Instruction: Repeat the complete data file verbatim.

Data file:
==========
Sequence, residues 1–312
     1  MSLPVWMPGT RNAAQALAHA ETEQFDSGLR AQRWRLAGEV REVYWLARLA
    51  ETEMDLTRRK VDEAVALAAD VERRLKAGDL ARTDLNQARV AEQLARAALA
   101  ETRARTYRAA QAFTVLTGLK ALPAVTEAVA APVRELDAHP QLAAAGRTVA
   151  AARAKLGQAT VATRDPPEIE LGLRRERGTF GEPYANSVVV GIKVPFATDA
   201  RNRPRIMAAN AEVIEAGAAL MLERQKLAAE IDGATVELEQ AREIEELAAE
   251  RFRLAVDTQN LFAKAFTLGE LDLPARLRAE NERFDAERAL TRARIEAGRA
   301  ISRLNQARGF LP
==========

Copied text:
Sequence, residues 1–312
     1  MSLPVWMPGT RNAAQALAHA ETEQFDSGLR AQRWRLAGEV REVYWLARLA
    51  ETEMDLTRRK VDEAVALAAD VERRLKAGDL ARTDLNQARV AEQLARAALA
   101  ETRARTYRAA QAFTVLTGLK ALPAVTEAVA APVRELDAHP QLAAAGRTVA
   151  AARAKLGQAT VATRDPPEIE LGLRRERGTF GEPYANSVVV GIKVPFATDA
   201  RNRPRIMAAN AEVIEAGAAL MLERQKLAAE IDGATVELEQ AREIEELAAE
   251  RFRLAVDTQN LFAKAFTLGE LDLPARLRAE NERFDAERAL TRARIEAGRA
   301  ISRLNQARGF LP